Moneyball Movie Roundup: Box Office Results and Critical Responses to Moneyball, Directed by Former Mamaroneck High School Alum Bennett Miller

Photo Credit: Melinda Sue Gordon © 2011 Columbia TriStar Marketing Group, Inc. All rights reserved.

There are a lot reasons to check out Moneyball. It had Brad Pitt at his most Robert Redfordy. Jonah Hill does the hangdog-apprentice thing pretty well. And, of course, if you're interested in baseball—or the even more exciting game of baseball statistics—there's no other movie out right now with more baseball (statistics) in it.

And, though the team on the field in the film may be of the Left Coast, the movie comes from the home team. It was directed by Bennett Miller, an alum from Mamaroneck High School. You may remember Miller from such films as Capote, which he also directed. Featured, too, is Philip Seymour Hoffman, who also starred in Capote. According to the legend that was made famous after Capote was nominated for a bunch of awards, Miller and Hoffman met as youngsters attending a camp for theater geeks in Saratoga Springs. (Dan Futterman, another Mamaroneck alum and the third leg of the Saratoga-arts-camp Capote triumvirate, is missing from the Moneyball roster. He's been off writing episodes of In Treatment.)

But those weren't the only local names involved in Moneyball. Aaron Sorkin, a Scarsdale alum who won the Oscar for writing The Social Network, did a polish on the script. The screenplay is also credited to Steven Zaillian, who started on it when Steven Soderbergh was attached to direct—and they both worked off the book by Michael Lewis.

So, how'd our local boys do?

Unfortunately, Moneyball didn't take the No. 1 spot at the box office—that went to the second weekend of Disney's re-release of The Lion King in 3D. (To me, this is remarkable. Disney has been No. 1 for two weeks with a movie that's 17 years old in a format I thought people were tired of.) But Moneyball was No. 2, and it made about $20.6 million dollars.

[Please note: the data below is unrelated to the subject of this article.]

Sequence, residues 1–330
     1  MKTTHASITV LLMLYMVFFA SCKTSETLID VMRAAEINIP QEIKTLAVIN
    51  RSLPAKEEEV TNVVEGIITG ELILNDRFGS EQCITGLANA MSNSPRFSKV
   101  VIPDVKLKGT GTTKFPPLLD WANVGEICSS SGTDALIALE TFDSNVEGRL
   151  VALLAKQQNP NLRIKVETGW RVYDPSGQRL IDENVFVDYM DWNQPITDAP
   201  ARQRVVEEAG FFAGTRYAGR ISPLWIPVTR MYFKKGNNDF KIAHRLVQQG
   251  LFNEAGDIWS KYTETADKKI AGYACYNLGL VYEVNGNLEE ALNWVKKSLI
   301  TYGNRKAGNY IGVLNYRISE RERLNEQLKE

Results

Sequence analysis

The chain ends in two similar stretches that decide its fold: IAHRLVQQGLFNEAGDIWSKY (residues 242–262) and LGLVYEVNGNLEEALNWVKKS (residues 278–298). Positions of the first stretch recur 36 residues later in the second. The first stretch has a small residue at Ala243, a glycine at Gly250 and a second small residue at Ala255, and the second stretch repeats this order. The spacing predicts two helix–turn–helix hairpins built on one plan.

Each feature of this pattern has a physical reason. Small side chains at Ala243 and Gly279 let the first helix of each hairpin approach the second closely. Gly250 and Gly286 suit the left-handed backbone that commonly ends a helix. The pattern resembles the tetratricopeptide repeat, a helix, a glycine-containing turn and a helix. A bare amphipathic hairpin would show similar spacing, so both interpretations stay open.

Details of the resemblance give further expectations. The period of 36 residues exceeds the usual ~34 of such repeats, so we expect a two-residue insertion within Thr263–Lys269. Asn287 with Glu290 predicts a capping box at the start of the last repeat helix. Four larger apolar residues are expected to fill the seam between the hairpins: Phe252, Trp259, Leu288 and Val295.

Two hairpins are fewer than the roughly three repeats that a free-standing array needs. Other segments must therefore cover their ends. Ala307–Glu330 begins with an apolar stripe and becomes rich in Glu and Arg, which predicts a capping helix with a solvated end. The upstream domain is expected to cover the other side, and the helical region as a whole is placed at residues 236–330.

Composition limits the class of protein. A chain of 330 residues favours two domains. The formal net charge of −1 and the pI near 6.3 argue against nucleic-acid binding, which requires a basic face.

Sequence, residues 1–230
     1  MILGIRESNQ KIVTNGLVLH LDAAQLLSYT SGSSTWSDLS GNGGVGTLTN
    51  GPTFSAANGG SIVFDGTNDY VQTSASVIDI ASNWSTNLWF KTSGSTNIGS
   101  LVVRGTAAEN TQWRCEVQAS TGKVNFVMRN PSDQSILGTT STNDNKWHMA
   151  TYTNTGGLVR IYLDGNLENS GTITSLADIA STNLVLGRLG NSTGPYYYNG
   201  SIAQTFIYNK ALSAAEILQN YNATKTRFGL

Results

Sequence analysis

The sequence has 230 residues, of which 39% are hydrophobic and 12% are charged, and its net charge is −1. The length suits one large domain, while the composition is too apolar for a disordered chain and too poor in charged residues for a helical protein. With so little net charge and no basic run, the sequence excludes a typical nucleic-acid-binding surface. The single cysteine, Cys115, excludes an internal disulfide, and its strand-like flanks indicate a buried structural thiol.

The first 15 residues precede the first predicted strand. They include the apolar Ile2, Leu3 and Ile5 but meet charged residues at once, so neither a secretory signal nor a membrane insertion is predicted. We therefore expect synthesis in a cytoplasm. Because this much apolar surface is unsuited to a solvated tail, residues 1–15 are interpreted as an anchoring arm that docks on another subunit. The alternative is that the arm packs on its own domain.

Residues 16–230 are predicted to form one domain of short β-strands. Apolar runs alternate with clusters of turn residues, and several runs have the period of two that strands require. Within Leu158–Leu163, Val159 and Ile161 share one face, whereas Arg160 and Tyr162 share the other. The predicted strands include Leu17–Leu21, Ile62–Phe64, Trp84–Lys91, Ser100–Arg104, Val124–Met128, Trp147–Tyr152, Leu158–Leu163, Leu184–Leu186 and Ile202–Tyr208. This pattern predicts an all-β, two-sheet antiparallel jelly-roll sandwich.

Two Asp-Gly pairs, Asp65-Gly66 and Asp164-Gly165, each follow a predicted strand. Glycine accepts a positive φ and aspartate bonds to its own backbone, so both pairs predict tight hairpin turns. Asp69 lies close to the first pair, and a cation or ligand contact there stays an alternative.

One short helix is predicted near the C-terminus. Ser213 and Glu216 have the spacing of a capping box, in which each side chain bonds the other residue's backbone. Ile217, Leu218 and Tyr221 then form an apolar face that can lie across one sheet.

Photo Credit: Melinda Sue Gordon © 2011 Columbia TriStar Marketing Group, Inc. All rights reserved.

Even better: Critics seem to like it. It has a score of 87/100 on and 94/100 on Here's what some of the critics have to say:

"For me, the only thing duller than watching baseball is listening to fantasy-baseball freaks drone on about stats…my bad. Moneyball is one of the best and most viscerally exciting films of the year. Yes, director Bennett Miller dials down the on-field action and goes stats to the max. But he laces his investigative fervor with emotional punch. Moneyball is a baseball movie like The Social Network is a Facebook movie, meaning it isn't. Both are about how we play the game of our lives, and the excuses we make in the name of winning." —Peter Travers, Rolling Stone

"It’s a story that holds up beautifully in the re-telling, but the best thing about Moneyball is the human element. Billy Beane is not soft-pedaled into a deity, and Brad Pitt takes impeccable precautions not to underplay his abrasive personality." —Rex Reed, The New York Observer

"Baseball fans know this story, but Miller puts it all in fascinating context. This is a thinking person's baseball movie, a more complex version of the inspirational sports story." —Claudia Puig, USA Today

Did you see it—or did you opt for The Lion King? What did you think? Let me know in the comments.


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Marisa LaScala

Marisa LaScala
Elmsford, NY

Articles Editor Marisa LaScala joined Westchester Magazine in 2003, and ever since she's blown every paycheck at the Greenburgh Multiplex. She also staunchly defends Richard Kelly, doesn't mind spoiling the endings of trashy movies you're curious about but don't want to pay to see, wishes the Hold Steady would come and rock out Westchester, misses Arrested Development more than anyone can imagine, and still watches cartoons and Saturday Night Live. You can find more of her cultural criticism at, where she is a staff writer.

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